ISBN: 978-1-78756-216-5

Book part
Publication date: 29 August 2017

Michel Dion

The side effects of disguised bribes are hidden by their apparent good consequences (as pseudo-gifts). The aim of the chapter is to unveil to what extent pseudo-gifts (as…

Abstract

The side effects of disguised bribes are hidden by their apparent good consequences (as pseudo-gifts). The aim of the chapter is to unveil to what extent pseudo-gifts (as disguised bribes) could distort the cultural, social, and communicational functions of gift-giving practices. We will firstly describe how disguised bribes could be analyzed from a Sartrean perspective, given that Sartre’s notion of bad faith could help to better understand the three basic kinds of substantive loss which follow from disguised bribes: (a) the loss of commonalities (the cultural function of gift-giving as distorted by disguised bribes: Malinowski’s notion of culture): we will analyze the phenomenon of guanxi; (b) the loss of social bonds (the social function of gift-giving as distorted by disguised bribes: Durkheim’s notion of culture); (c) the loss of communicability, and the arising of an empty truth (the communicational function of gift-giving as distorted by disguised bribes: Jaspers’ notion of truth claims). Gift-giving practices are culturally rooted. This is the first level of analysis (surface). Seizing the social and moral function of gift-giving practices unveils the second level of analysis (beneath-the-surface). Describing the communicational function of gift-giving practices opens the door to the third level of analysis (exchanges of truth claims). Bribery is the distortion of those basic functions of gift-giving practices. We are then facing an empty truth (the communicational function of culture is distorted).

Any concept of disguised bribes must be empirically tested. The way the cultural, social and communication functions of gift-giving practices are distorted could vary from one culture to another. Future research could check how such distortions arise in given societal cultures. It could then distinguish the side effects of disguised bribes, either from a cultural viewpoint, or from social perspective, or even from a communicational pattern of reference. Unveiling the multiple ways of distorting gift-giving practices could help decision-makers to better understand the frontiers between bribery and gift-giving. Emphasizing the various functions of gift-giving practices, from a philosophical and sociological perspective, could allow business decision-makers to raise their ethical awareness.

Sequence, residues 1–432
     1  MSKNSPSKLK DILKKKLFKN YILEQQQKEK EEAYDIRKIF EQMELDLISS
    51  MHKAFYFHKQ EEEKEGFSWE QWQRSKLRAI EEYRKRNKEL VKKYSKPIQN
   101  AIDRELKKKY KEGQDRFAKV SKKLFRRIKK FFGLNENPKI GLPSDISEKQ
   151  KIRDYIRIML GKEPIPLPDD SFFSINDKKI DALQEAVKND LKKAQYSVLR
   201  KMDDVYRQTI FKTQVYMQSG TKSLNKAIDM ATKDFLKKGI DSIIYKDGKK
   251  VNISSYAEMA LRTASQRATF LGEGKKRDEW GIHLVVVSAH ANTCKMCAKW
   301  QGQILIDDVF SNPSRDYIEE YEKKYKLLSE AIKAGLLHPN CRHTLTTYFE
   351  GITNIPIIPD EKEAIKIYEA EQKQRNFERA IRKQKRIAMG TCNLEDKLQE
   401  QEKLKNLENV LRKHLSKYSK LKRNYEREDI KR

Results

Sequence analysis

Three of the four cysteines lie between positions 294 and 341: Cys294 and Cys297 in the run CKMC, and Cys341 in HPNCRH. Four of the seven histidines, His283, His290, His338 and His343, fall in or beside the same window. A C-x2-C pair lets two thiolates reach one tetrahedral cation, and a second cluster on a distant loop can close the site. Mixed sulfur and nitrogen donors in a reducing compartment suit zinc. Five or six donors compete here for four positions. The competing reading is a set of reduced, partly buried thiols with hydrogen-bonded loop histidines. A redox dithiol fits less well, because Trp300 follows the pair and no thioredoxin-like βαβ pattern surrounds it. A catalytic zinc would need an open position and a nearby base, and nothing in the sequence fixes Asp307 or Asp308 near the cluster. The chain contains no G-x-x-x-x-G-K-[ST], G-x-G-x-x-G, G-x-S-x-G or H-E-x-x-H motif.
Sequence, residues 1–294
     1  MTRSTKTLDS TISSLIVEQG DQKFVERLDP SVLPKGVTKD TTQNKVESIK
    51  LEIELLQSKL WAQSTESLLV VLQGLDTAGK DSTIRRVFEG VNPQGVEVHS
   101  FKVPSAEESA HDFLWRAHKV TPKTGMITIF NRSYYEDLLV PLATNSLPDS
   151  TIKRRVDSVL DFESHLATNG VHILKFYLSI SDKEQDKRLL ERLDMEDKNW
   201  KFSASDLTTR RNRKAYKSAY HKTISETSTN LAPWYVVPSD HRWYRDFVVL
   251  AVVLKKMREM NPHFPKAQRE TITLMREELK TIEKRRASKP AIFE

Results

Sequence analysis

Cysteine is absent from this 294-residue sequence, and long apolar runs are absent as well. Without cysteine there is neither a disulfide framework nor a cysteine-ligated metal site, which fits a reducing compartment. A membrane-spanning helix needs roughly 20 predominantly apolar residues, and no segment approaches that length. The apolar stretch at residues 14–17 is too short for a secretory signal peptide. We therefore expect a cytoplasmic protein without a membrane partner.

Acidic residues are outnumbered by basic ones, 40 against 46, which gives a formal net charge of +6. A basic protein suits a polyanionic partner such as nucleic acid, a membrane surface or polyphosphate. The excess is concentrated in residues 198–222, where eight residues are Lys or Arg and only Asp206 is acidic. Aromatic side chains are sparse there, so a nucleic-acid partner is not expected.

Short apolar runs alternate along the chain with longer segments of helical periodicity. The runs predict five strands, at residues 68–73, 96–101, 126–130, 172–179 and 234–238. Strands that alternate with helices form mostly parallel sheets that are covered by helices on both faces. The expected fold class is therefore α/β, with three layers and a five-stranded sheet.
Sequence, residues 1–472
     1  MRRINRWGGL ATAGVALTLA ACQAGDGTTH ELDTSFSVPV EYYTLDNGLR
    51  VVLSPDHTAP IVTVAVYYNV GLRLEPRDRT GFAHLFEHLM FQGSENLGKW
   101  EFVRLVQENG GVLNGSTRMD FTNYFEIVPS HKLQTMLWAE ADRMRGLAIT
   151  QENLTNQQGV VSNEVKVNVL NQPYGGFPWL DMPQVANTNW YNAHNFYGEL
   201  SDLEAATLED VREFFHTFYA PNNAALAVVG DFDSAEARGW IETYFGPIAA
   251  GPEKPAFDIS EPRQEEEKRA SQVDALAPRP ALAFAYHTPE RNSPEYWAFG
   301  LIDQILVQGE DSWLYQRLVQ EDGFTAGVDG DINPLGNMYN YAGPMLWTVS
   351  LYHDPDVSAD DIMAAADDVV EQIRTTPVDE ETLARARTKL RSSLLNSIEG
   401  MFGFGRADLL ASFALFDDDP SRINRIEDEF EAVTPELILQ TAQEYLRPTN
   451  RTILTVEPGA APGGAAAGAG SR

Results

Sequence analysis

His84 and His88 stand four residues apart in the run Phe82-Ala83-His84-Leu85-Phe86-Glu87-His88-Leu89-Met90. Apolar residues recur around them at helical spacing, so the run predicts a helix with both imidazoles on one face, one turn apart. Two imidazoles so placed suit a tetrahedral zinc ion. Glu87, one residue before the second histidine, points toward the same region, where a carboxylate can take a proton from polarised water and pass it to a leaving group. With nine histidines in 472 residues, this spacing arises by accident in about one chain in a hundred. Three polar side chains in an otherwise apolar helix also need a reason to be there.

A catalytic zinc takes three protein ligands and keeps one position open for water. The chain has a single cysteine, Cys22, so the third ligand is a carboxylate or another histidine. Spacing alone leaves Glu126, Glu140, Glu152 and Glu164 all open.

Details

The Handbook of Business and Corruption
Type: Book
ISBN: 978-1-78635-445-7

Keywords

Article
Publication date: 4 November 2013

Antonio Lobo, Civilai Leckie and Chongguang Li

The purpose of this paper is to examine the impact of two Chinese cultural constructs, guanxi (networks) and xinyong (interpersonal trust) in the burgeoning vegetable…

Abstract

Purpose

The purpose of this paper is to examine the impact of two Chinese cultural constructs, guanxi (networks) and xinyong (interpersonal trust) in the burgeoning vegetable supply chains.

Design/methodology/approach

Data were collected using a validated survey instrument and 520 usable responses were obtained from vegetable farmers in three main vegetable producing provinces of China.

Findings

The findings revealed that farmers' guanxi promotes xinyong and collaboration of buyers. It was also determined that xinyong is the key mediator between guanxi and the two outcomes, loyalty and financial performance of farmers. Additionally, xinyong influences collaboration of the buyer.

Research limitations/implications

This paper offers strategic insights into both academicians and practitioners associated with the vegetable industry regarding enhancement of inter-organisational relationships (loyalty) and financial performance of farmers in China through the embedded concepts of guanxi and xinyong.

Originality/value

Despite its potential importance, relatively little is known about these two concepts especially with respect to supply chains of fresh produce.

Details

Asia Pacific Journal of Marketing and Logistics, vol. 25 no. 5
Type: Research Article
ISSN: 1355-5855

Keywords